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Cleveland, Encarnacion close to finalizing deal

Tom Withers, The Associated Press | posted Thursday, Jan 5th, 2017

The reigning American League champions are set to start the new year with a power surge.

One win from a World Series title last season, the Cleveland team is set to finalize a $65 million, three-year contract with free agent slugger Edwin Encarnacion.

Encarnacion, who has averaged 39 homers over the past five seasons, took a physical on Wednesday, one of the final steps to complete a deal agreed upon before Christmas. The team announced a news conference for Thursday at Progressive Field with president Chris Antonetti “regarding a potential new member of the organization.”

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Cleveland aggressively pursued Encarnacion, who also was sought by big-market clubs. Encarnacion hit 42 homers and drove in 127 runs last season for the Toronto Blue Jays, who lost to the team in the AL Championship Series.

Encarnacion’s agreement is the largest in club history, surpassing a 2007 deal with Travis Hafner that added $57 million in guaranteed money through 2012 and a $56 million, four-year contract with free agent Nick Swisher ahead of the 2013 season.

Encarnacion’s signing also represents the second major move in six months by Cleveland, who traded for elite reliever Andrew Miller before last year’s trading deadline. That acquisition helped the team win the AL Central for the first time since 2007 and got them to their first Series since 1997.

Cleveland is hoping Encarnacion can lead the franchise to its first Series title since 1948.

Encarnacion, who turns 34 on Saturday, hit 193 homers over the past five years and has connected for 310 in his big league career. He is expected to split time at first base and designated hitter with Carlos Santana.

Cleveland was in the market for a power bat after deciding not to re-sign Mike Napoli, who helped them get to the World Series. The 34-year-old Napoli set career-highs with 34 homers and 101 RBIs and the club credited his work ethic and leadership in helping Cleveland’s young players.

Encarnacion appears to be a perfect fit for the team, who have been looking for a big bat to compliment one of the majors’ best pitching staffs.

With Francisco Lindor and Jason Kipnis at the top of the order, and Michael Brantley possibly returning from a shoulder injury, Cleveland has the right table setters for Encarnacion, who has averaged 110 RBIs over the past five seasons.

Encarnacion, who spent eight seasons with Toronto after five in Cincinnati, may cause a significant bump in attendance at Progressive Field, where Cleveland has struggled to draw fans in recent years. Cleveland averaged only 19,650 fans at home last season; only Oakland and Tampa Bay were worse.

Canada advances to WJC final with win over Sweden

The Canadian Press | posted Thursday, Jan 5th, 2017

MONTREAL — Carter Hart was all set to spend a third straight game on the bench when he was suddenly called upon to save Canada’s gold-medal hopes at the world junior hockey championship.

When Connor Ingram gave up two goals on his first three shots, Hart was thrust into the action and stopped all 28 shots he faced as Canada defeated Sweden 5-2 in their semifinal on Wednesday night.

“I was pretty excited and I was pretty lucky that it was early in the game,” said Hart, who began the tournament as Canada’s No. 1 goalie but lost the starting job to Ingram. “My gloves were still sweaty from warmup so I wasn’t too cold going in there.

“It’s really just matters how you prepare before the game. You prepare like you’re playing.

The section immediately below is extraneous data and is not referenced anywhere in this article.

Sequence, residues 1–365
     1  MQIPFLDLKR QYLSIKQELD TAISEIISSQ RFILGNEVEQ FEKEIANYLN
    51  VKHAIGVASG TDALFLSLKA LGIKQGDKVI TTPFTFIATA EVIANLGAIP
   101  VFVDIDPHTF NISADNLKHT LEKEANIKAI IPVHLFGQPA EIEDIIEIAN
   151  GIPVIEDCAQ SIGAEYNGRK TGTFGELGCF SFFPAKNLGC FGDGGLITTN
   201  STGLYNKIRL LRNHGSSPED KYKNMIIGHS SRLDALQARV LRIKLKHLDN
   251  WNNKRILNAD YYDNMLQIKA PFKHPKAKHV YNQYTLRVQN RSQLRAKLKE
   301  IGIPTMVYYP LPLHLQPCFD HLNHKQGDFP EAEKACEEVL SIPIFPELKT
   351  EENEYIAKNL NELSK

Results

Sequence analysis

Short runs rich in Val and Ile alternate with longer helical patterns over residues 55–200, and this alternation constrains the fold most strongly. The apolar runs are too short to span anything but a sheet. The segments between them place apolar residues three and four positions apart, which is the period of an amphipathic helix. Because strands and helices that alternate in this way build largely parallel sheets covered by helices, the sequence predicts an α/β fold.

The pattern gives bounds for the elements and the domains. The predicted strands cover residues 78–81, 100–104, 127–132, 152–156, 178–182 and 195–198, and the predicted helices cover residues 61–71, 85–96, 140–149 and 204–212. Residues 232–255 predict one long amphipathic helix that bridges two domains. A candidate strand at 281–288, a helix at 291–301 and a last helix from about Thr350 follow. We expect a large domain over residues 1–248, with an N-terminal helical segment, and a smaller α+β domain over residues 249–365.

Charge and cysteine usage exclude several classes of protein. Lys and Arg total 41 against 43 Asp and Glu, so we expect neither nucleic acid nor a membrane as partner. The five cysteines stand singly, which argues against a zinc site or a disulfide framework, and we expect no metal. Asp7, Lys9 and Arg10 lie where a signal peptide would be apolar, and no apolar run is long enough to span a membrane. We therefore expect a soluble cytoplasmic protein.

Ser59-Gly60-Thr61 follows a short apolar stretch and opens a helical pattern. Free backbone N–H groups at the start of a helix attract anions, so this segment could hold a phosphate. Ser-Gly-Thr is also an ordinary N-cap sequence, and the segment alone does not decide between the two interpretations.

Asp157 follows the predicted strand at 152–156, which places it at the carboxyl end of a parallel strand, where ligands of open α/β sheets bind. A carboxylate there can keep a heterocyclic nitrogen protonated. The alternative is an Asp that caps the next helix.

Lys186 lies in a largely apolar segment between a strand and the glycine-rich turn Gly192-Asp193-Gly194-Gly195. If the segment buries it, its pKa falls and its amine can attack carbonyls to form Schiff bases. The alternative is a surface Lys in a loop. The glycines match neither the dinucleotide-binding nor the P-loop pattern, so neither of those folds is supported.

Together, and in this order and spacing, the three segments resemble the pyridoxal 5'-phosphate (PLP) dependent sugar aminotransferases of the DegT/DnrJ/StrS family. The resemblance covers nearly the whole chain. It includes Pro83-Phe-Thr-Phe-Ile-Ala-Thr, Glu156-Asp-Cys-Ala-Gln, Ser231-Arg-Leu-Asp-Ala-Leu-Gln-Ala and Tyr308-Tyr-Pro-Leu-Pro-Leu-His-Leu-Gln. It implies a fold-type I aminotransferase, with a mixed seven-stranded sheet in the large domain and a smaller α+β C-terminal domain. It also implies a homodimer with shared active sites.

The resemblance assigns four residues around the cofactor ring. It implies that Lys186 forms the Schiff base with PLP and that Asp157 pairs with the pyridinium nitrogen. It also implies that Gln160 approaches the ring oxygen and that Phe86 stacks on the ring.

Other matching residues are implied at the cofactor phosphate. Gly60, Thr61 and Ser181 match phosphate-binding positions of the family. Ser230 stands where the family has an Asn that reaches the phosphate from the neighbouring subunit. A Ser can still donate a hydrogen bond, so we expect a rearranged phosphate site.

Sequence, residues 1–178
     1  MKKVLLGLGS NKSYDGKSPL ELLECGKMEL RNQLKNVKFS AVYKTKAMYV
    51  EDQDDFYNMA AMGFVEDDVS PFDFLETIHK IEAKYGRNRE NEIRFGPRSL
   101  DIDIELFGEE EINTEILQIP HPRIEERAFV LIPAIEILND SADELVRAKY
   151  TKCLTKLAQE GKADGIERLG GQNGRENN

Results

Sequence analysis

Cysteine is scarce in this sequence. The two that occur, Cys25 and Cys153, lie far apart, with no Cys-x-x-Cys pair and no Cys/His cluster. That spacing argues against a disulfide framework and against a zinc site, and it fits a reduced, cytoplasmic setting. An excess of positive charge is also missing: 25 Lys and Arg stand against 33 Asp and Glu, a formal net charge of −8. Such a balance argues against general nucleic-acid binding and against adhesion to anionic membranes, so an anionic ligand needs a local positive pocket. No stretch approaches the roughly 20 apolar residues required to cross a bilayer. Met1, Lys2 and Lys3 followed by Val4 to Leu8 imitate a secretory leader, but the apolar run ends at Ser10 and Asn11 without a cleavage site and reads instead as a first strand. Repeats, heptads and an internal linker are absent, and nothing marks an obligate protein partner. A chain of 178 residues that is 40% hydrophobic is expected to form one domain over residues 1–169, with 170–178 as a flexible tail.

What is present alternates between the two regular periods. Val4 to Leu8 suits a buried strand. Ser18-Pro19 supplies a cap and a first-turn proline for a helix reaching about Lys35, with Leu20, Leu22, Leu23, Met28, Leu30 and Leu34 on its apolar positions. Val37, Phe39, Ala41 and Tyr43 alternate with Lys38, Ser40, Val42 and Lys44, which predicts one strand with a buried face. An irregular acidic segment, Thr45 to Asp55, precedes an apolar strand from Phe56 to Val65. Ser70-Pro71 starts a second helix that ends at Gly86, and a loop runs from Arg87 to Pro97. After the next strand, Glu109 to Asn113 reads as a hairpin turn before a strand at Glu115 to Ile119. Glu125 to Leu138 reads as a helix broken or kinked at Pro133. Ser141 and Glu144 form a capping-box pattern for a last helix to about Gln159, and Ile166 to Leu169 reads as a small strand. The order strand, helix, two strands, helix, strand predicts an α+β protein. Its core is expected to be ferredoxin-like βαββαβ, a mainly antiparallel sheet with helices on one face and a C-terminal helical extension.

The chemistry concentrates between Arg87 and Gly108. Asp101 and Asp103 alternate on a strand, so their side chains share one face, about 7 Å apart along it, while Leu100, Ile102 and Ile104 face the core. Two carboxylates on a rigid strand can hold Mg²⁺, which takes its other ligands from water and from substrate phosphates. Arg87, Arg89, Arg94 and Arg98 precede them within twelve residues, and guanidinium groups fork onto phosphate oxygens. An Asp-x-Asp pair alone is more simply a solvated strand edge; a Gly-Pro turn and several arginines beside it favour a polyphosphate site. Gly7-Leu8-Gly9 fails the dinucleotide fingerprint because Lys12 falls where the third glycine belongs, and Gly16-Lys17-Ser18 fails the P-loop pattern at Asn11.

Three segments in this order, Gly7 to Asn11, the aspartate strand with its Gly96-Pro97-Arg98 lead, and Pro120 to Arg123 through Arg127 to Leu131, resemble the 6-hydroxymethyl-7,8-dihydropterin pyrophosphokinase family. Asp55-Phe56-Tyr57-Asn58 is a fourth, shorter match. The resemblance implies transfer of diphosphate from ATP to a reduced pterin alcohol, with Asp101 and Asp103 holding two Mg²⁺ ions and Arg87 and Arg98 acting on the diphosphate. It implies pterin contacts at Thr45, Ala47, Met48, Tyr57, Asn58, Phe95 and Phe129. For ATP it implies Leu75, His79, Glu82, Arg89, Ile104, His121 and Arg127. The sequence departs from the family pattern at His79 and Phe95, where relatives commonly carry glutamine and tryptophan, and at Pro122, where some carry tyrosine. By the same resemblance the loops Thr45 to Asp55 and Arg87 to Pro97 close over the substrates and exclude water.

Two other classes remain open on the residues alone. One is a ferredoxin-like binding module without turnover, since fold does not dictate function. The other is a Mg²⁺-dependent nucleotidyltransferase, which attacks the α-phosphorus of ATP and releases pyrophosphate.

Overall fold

Coach Dominique Ducharme, who doesn’t usually say in advance who will play in goal, confirmed that Hart will be back in the net when Canada faces the United States in the gold-medal game on Thursday night. Sweden will face Russia for the bronze medal.

“He was ready and he had a great game,” Ducharme said of Hart. “He came in and made a few saves off the bench, felt good and got better and better. He had a perfect night.”

Canada’s plan was to give a physical test to Sweden, which had won its first five games but had yet to face a top-level opponent. The Canadians took the body at every opportunity, which took some of the starch out of the quick-footed Swedes.

It all seemed to be working, except that Sweden took an early 2-1 lead.

Joel Eriksson Ek scored shorthanded at 6:05 with a wrist shot on a rush down his off wing. Canada’s Mitchell got it back when he banged in the rebound of Cirelli’s wrap-around attempt at 7:43, only to see Carl Grundstrom score a soft one when he lost control of the puck on a drive to the net but saw it slide under Ingram at 8:05.

That’s when Ingram got the hook and Hart, who had been so-so in two group stage starts last week, went into the game and shut the door the rest of the way, although he had a hairy moment in the second period when a shot when off his glove but video review showed it didn’t quite make it across the goal line.

“I took it one shot at a time and just worried about stopping the next one,” said Hart. “It was fun to be part of, but now we have to prepare for (Thursday).”

Cirelli, who had two assists in Monday’s quarter-final win over the Czech Republic, had a goal and an assist in the first period. But coming up big in important games is not new for the player who scored in overtime in the 2015 Memorial Cup final for the Oshawa Generals.

“I’m not sure what it is — I just try to play a simple game and create some energy,” said Cirelli, who won a faceoff in the Swedish zone and scored on a high shot to tie the game at 18:33 of the first period.

Julien Gauthier, with a second straight two-goal game, and Dylan Strome also scored for the Canadiams, who are seeking a second gold medal in three years. Sweden is in danger of being shut out of the medals for a third straight year.

“It’s really important — it will be much better to get home to Sweden with a medal,” said Grundstrom.

Canada lost 3-1 to the Americans in group stage play on Dec. 31 and will need to be sharper in the rematch.